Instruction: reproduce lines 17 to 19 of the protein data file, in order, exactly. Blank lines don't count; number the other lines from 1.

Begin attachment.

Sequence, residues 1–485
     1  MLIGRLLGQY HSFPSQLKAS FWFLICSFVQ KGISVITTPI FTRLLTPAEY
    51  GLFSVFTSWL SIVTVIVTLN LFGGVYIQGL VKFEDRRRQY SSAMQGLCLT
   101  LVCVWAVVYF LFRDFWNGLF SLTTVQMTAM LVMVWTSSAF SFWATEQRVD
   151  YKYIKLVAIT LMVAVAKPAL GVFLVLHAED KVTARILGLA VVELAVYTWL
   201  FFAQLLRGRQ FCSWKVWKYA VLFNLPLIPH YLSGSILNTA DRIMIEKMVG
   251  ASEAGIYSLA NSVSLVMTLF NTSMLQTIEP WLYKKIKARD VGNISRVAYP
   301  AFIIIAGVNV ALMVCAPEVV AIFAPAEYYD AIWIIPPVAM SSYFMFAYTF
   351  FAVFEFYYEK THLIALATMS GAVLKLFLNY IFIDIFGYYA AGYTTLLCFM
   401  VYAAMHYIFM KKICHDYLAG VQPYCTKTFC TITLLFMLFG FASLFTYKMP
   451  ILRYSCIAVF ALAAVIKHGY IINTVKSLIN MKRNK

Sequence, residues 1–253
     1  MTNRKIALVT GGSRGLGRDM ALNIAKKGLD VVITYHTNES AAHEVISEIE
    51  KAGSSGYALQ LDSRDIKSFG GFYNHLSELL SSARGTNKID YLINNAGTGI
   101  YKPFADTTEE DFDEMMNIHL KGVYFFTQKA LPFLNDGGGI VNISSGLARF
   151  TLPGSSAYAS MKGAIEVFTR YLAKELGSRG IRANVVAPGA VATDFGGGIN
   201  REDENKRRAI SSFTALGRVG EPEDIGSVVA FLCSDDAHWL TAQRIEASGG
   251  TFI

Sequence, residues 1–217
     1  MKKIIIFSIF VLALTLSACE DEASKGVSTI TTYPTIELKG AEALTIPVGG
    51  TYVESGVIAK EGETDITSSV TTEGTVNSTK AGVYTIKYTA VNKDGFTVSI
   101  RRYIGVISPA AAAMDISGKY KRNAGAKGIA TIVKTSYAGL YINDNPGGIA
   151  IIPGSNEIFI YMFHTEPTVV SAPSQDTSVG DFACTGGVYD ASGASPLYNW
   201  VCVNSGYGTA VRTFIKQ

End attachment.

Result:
   201  REDENKRRAI SSFTALGRVG EPEDIGSVVA FLCSDDAHWL TAQRIEASGG
   251  TFI

Sequence, residues 1–217